• Carbon Monoxide (the reducing agent) reduces the Iron (III) Oxide in the Iron Ore to form Iron
    • This will melt and collect at the bottom of the furnace, where it is tapped off:
Fe2O3 (s)  +  3CO (g)  →  2Fe (IIl)  +  3CO2 (g)
  • Limestone is added to the furnace to remove impurities in the ore.
  • The Calcium Carbonate in the limestone decomposes to form calcium Oxide:
CaCO3 (s)  →  CaO (s)  +  CO2 (g)
  • The Calcium Oxide reacts with the Silicon Dioxide, which is an impurity in the Iron Ore, to form Calcium Silicate
  • This melts and collects as a molten slag floating on top of the molten Iron, which is tapped off separately:
CaO (s)  +  SiO2 (s)  →  CaSiO3 (l)

The Conversion of Iron into Steel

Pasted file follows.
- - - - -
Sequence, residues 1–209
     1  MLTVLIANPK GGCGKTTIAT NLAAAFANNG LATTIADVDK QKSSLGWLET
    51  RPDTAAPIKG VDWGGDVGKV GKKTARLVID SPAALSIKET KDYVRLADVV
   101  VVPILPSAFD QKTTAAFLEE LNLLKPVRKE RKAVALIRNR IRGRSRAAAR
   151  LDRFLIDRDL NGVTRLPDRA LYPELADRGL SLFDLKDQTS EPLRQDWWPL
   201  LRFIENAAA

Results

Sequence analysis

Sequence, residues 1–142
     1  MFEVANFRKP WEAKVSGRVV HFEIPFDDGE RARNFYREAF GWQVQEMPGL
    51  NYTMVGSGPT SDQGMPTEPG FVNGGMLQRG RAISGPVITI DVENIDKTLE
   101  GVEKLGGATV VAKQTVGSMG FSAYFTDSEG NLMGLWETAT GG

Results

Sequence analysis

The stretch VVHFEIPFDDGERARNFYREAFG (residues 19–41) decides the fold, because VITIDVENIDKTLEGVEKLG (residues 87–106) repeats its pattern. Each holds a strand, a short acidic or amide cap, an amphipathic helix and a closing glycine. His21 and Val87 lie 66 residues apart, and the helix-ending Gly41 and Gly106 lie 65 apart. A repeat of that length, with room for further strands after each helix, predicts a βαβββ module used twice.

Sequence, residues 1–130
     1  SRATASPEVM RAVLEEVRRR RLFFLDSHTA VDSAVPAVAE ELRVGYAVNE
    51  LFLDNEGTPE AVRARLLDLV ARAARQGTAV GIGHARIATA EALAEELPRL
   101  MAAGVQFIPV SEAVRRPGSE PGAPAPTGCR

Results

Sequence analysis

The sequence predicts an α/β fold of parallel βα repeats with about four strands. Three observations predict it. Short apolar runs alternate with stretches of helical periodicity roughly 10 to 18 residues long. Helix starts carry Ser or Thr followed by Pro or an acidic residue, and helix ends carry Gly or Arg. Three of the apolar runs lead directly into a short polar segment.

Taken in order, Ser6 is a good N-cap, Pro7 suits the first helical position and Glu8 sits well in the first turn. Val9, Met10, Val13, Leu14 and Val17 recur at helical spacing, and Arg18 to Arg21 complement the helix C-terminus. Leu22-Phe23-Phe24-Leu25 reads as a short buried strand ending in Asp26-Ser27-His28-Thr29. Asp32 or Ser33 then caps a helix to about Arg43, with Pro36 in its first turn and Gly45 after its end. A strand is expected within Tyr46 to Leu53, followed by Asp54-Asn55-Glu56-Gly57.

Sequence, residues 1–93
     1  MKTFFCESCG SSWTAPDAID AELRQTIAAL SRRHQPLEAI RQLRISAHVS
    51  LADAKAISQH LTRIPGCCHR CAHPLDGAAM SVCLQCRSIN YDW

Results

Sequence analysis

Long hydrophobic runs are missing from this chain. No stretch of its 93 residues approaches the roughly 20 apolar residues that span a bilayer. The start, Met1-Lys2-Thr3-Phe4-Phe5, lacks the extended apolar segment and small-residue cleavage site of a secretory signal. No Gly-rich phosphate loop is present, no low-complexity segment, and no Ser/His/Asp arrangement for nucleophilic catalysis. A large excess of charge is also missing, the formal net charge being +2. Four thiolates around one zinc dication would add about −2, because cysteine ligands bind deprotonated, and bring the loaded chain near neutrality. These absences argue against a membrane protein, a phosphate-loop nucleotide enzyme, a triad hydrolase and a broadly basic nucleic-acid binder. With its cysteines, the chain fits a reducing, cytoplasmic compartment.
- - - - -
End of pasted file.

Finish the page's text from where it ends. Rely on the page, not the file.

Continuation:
Making steel from iron

  • Molten iron is an alloy of 96% iron, with carbon, phosphorus, silicon and sulfur impurities
  • It is too brittle for most uses, so most of it is converted into steel by removing some of the impurities
  • Not all of the carbon is removed as steel contains some carbon, the percentage of which depends on the use of the steel
  • The molten iron is transferred to a tilting furnace where the conversion to steel takes place
  • Oxygen and powdered calcium oxide are added to the iron
  • The oxygen oxidises the carbon, phosphorus, silicon and sulfur to their oxides which are all acidic
  • CO2 and SO2 are gaseous so escape from the furnace
  • The acidic silicon and phosphorus oxides react with the powdered calcium oxide and from a slag which is mainly calcium silicate:
SiO2(l) + CaO(s) → CaSiO3(s)
  • The slag floats on the surface of the molten iron and is removed.

Steel alloys

  • The amount of carbon removed depends on the amount of oxygen used
  • By carefully controlling the amount of carbon removed and subsequent addition of other metals such as chromium, manganese or nickel, the particular type of steel alloy is produced

Steel Alloys _ Their Properties table, IGCSE & GCSE Chemistry revision notes

Aluminium Extraction & Benefits of Recycling